Bulgur and cracked wheat are staples of the Sephardic Turkish kitchen and are used in Greece as well, primarily in soups. Cracked wheat is whole wheat berries that have been crushed with steel blades. Bulgur is wheat berries that have been steamed, dried, and then crushed. American markets are not always careful about labeling these two products, but either one will work in this recipe.
Most recipes for wheat pilaf cook the grain as if it were rice, steaming it in stock to cover. More often than not this results in a mixture that is heavy and soggy, with the grains sticking together. To have the wheat dry out properly, start cooking it in the same manner as you cook risotto, then finish it in the oven.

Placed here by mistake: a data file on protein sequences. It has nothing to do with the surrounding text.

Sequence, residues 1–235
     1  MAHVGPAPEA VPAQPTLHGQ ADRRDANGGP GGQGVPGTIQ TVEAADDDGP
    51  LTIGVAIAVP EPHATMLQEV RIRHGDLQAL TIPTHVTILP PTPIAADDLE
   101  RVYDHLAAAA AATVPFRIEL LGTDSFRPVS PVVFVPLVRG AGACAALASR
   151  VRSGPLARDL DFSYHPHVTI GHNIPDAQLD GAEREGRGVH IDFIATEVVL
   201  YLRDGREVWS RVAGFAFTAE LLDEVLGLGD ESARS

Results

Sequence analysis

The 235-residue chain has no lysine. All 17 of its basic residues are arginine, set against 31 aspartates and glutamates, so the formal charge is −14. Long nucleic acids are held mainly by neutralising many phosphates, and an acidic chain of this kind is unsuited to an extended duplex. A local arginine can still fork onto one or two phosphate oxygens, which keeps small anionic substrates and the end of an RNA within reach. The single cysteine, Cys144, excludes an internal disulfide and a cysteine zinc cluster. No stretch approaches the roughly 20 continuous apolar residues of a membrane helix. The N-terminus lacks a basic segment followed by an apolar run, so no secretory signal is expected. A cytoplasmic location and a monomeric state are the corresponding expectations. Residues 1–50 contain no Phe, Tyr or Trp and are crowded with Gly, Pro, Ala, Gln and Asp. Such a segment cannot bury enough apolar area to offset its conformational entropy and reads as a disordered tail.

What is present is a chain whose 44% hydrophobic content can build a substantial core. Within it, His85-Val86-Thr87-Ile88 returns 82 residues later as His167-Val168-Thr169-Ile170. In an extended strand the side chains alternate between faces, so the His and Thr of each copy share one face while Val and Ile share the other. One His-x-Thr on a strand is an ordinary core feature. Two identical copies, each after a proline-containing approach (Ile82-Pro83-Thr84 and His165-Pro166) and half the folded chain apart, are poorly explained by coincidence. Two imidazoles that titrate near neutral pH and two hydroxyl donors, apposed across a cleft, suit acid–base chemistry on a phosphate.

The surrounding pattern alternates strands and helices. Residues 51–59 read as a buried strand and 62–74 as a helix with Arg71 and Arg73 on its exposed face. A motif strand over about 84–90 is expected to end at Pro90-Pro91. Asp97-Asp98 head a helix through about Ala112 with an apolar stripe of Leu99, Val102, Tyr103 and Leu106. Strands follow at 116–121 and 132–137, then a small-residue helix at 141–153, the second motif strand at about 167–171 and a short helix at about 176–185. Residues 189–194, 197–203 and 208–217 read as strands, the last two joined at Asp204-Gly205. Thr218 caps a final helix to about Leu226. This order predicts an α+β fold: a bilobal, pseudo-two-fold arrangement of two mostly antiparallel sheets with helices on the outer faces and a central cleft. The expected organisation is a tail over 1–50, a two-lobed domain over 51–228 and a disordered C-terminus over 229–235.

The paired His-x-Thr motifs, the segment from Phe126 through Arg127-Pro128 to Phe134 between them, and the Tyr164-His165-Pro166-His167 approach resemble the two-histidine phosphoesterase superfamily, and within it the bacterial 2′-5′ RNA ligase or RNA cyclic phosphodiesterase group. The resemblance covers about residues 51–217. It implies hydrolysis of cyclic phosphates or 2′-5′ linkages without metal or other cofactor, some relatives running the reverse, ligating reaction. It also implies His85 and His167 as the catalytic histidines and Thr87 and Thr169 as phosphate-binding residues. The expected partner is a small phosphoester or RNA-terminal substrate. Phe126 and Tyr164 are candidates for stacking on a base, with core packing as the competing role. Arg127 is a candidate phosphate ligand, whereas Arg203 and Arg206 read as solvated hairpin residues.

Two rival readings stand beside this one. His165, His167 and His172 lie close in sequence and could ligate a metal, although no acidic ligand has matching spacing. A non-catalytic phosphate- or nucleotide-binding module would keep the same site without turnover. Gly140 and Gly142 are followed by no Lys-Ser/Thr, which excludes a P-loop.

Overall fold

Warm the margarine or olive oil in a heavy sauté pan over medium heat. Add the onion and a sprinkling of salt and sauté until the onion is tender and translucent, about 10 minutes. Add the bulgur or cracked wheat and stir until the grains are well coated with the fat, about 3 minutes. Add half of the hot chicken stock or water, reduce the heat to low, and stir until the liquid is absorbed, about 10 minutes. Add the remaining liquid, raise the heat to high, and bring to a boil. Reduce the heat to low, cover tightly, and cook for 15 minutes.
Uncover, transfer the pilaf to a baking dish, and place in the oven.
Remove from the oven and fold in one of the garnishes, if desired. Serve directly from the dish.
© 2000 Joyce Goldstein. All rights reserved.